He flickers through other writers, Doestoevsky (Smerdyakov begot by Uriah Heep) and Kafka, and reading The Trial I had convinced myself, in throes of pleasure, that I could return to Dickens and see him anew, afresh, with like pleasure, if only I could hear in him, or hear him in, the accent of K. But alas. In the work of the author who does the police in different voices I could not find the subdued, educated, clerical note of manners and restraint. Maybe one reason that Kafka and, to a lesser extent, Doestoevsky, could make Dickens live in their work in a way that makes it easier (for some) to appreciate Dickens more than Dickens’ own novels do, is that they read him in translation; something is lost, and probably it’s the tone. Dickens writes as entertainer (just as Faulkner and his prodigy, Cormac et al, write “as novelists, grrr.”), whereas Kafka writes as a man of business; the exception is Great Expectations, where Pip is crushed by defeat, giving us the most subdued Dickens narrator. Even he would be louder if he could. The tone is a consequence of Dickens’ peculiar preference–I won’t call it a shortcoming, since it brings great advantages–as a novelist: a refusal, maybe incapacity, to surrender narration to the perspective of a character, without going into first-person narration. This is a matter of technique and not that tired old toothless concept, Sympathy. We are told he is a theatrical novelist; but it’s not theater and he doesn’t seem to attempt compensate on the page for the work that the actor would do in a dramatic production, which would involve in some way getting into the character. The point isn’t that the characters have no psychological depth; of course they are driven by all sorts of fetishes and kinks that fascinated Dickens; they have layers of motives and desires; they are bashful and ashamed and proud. There are enormous gains: the characters can swing, or switch, from insects to heroes, each inaccessible at the opposite end of the scale. Mrs. Gradgrind in Hard Times, with her tragic death, a case-in-point; Old Dorrit another. Both alternate with astonishing rapidity between the poles. A concomitant upside: at times, the strongest, most perturbed, wasted, corrupted and demented of these characters, because Dickens relentlessly stares at their edifices, carapaces, or shells, are made to seem inaccessible, even to him. And so Kafka could find in them the exemplars for the incomprehensible devotees of, and attendants to, the Court.
(Dickens and Kafka are both neurotics, craving order and control; but they are also, as a result, terrified by those structures and situations that expose order as arbitrary, as making irrational demands for perpetuation, under the guise of common sense that excludes and dominates life; they are morbidly fascinated with the point where the urge to order reveals itself as a disorder and source of corruption and waste.)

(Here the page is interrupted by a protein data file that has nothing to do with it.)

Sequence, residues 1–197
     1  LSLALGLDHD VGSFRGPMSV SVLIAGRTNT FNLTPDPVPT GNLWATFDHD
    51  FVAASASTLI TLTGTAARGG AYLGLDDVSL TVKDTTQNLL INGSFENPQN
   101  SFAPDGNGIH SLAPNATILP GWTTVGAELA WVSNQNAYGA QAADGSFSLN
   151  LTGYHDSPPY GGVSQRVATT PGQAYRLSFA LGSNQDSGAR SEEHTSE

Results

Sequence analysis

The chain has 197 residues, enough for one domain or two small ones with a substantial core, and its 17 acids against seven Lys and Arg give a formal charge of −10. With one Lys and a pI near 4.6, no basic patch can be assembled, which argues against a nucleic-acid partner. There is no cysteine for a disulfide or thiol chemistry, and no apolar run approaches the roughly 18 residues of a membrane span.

When Dickens is most successful, he is most the curious, unaware reporter of his own creations: describing what is before him, without the pretense of being in possession of the conscious mind that made it move, and feeling sometimes awe, sometimes horror, but not the delight of a second-grading showing off his pet worm. On these occasions, he most resembles Josef K., as Kafka follows his gaze and perplexed thought. But Dickens, more than any other great novelist in the realist tradition, can be trusted to follow only his own gaze, his own thoughts, and much of the time he does not seem to inhabit the world of his creations, to meet them eye to eye, or at a hazy distance, as a narrator among characters, but instead presides above them, arranging them, chuckling over their play. Sometimes then the narrator’s feeling, or the feel of the narration, is self-delight and self-satisfaction. It is feeling that I’ve been talking about: by saying he is unable to surrender himself to the characters’ perspective, I mean he is unable to surrender himself to their attitudes and feelings, not that an entire loss of self is necessary, but a commingling or, as with Milton’s angels, interpenetration, would make for a different sort of narration. Between the casings of insects and the armors of heroes, there are varieties of fleshly existence, vulnerable and needy, that Dickens recognizes but will not open himself to engaging; the casings and heroes at least provide him an excuse, provide him the justification for distance, disgust and wary awe. This because Dickens is not only the sociological novelist–for whom character exists as a relation between individuals and institutions–but also the sociopathic novelist, for whom tender feelings of love, and even friendship, are only ever ideals, and who succeeds with these most when they warp to obsession, envy and hatred. It might be that everyone in Kafka’s The Trial is deficient in a romantic or sixties-psych notion of refined compassion and empathetic capacity…but Kafka knows it and doesn’t pretend there is an alternative. What’s more, there is still the idea of an average Joe, Josef K., whose perspective, and whose attitudes and feelings of doubt, disbelief, anxiety and neuroses Kafka latches onto as a container–genuinely containing–his own energies; a dull narrator is of great benefit to novelists of such teemingly materialistic imagination. Esther at times allows Dickens a happy medium, when she forgets that she must constantly debase herself for narrating a story, and when she buoys to a neutral account, so that her first-person somewhat resembles a third-person by a tempered Dickens. There are so many characters of such strangeness issuing from Dickens’ mind that he could not or would not (among the Victorians certainly) write from their perspectives; but a dull clerk? Without adopting his voice so as to fatally compromise the reportage of the world that third-person affords Dickens, it would have dyed Dickens’ narration with some of the mundane feelings and affects that it usually lacks, would have allowed him to narrate released from the burden of his personality as entertainer. Maybe it would not have been possible for him. But how stunning to have seen Chancery this way, too.